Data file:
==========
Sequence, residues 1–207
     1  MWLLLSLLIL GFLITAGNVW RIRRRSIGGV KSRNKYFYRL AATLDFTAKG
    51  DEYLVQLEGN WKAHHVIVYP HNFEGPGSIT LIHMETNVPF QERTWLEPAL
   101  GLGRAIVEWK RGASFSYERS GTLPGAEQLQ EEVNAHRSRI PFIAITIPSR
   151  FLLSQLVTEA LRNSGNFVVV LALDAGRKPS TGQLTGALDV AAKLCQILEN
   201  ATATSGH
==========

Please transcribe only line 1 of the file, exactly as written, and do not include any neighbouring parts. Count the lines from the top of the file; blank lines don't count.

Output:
Sequence, residues 1–207